To determine actual battery amp hours you need a battery monitor, a device that is placed in series with the battery at the battery so that all current goes through it. It will measure what goes into the battery from any source (tow vehicle, converter or solar controller), and what goes out to any load. This provides a far more accurate measurement of usage, but is not a standard (or even optional) item on Escapes.

While there are several manufacturers, I installed a Bogart TriMetric 2025 (current model is the 2030) in my trailer.
Jon how hard was it to install the Bogart?

And we'll have dual 6v and an inverter

Does that make it harder to put in the shunt?
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Old 03-02-2016, 12:32 PM   #19
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Installers manual. Probably more than one needs to know.
http://www.bogartengineering.com/sit...s1-27-2016.pdf
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Old 03-02-2016, 01:40 PM   #20
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Jon how hard was it to install the Bogart?

And we'll have dual 6v and an inverter

Does that make it harder to put in the shunt?
It depends on the original wiring. If the inverter is run with separate wiring from the rest of the feed between the batteries & the converter, you have to add the shunt between the battery and ALL negative connections for it to provide accurate readings.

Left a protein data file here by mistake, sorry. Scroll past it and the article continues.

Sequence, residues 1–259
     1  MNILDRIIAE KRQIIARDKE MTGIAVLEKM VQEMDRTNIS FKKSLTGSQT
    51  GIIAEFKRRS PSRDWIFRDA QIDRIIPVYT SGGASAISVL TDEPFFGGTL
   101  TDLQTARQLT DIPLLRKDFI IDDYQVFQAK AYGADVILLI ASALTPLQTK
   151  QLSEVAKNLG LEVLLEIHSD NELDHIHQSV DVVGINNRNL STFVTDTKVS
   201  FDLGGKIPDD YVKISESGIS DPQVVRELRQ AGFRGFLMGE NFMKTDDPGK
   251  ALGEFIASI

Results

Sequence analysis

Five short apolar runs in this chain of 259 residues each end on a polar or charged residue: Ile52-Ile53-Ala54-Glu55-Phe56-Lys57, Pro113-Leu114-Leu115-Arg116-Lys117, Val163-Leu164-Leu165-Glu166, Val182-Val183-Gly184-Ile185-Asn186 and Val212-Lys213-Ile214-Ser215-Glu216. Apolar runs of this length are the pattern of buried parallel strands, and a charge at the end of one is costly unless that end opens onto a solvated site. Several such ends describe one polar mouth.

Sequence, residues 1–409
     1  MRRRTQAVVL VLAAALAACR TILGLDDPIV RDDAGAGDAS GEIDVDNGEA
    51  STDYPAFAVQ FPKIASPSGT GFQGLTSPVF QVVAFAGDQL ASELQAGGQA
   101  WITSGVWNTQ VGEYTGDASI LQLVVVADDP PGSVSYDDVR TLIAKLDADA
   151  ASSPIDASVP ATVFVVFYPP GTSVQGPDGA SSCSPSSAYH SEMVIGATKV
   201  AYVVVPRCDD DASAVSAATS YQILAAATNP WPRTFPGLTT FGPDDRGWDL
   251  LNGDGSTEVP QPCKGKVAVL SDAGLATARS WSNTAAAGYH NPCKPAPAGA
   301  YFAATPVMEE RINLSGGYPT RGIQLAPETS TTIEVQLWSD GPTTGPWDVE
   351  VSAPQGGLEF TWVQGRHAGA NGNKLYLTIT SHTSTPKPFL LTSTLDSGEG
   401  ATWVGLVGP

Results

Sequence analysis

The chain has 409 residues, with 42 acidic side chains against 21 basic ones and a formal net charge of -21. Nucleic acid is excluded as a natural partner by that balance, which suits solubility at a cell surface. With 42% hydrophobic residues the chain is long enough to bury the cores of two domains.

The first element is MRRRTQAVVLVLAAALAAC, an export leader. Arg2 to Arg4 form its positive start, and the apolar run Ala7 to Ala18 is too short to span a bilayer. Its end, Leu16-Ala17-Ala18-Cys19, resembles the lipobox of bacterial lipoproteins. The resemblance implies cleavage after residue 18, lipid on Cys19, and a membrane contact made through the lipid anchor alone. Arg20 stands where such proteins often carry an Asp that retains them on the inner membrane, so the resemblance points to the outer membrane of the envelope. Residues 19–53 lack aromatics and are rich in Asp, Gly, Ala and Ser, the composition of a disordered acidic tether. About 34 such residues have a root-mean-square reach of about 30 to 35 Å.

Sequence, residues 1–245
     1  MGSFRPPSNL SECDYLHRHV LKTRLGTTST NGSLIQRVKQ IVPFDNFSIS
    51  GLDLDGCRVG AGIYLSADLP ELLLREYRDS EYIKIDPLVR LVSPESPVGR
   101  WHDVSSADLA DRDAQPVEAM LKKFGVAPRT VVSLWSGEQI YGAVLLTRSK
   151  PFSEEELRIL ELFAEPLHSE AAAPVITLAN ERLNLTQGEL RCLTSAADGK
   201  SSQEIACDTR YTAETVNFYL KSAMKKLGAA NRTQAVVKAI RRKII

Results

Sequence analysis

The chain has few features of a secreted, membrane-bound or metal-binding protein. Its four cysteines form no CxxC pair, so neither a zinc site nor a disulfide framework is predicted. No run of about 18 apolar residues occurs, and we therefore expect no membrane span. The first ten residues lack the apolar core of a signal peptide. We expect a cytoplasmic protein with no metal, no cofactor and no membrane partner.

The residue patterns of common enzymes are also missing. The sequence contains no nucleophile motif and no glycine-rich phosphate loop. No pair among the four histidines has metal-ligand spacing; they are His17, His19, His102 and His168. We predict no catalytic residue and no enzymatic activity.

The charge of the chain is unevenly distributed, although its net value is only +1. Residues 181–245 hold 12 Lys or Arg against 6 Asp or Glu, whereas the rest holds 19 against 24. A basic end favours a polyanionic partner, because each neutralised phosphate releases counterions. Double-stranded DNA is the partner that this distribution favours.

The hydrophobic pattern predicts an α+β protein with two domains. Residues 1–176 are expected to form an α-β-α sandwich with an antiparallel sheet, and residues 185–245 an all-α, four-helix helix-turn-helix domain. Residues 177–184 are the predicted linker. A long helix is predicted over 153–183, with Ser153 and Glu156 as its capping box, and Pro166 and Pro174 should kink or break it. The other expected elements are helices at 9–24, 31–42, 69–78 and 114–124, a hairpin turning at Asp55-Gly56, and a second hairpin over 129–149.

In the case of my 17B, I rewired the jumper between batteries & the main feeds from them to the inverter with #0 wire, then #6 between the inverter & the converter. The shunt went in the line to the inverter. Not difficult, other than dealing with 1/2" thick wire. I placed the TM2025 next to the solar controller & ran a lightweight 4 conductor cable between them. How difficult this would be depends on the location of your shunt & the TM2030.

While Escape won't install the TM2030, they will prewire for the run between the shunt & the device if your ask, and give them the locations (and probably pay for it).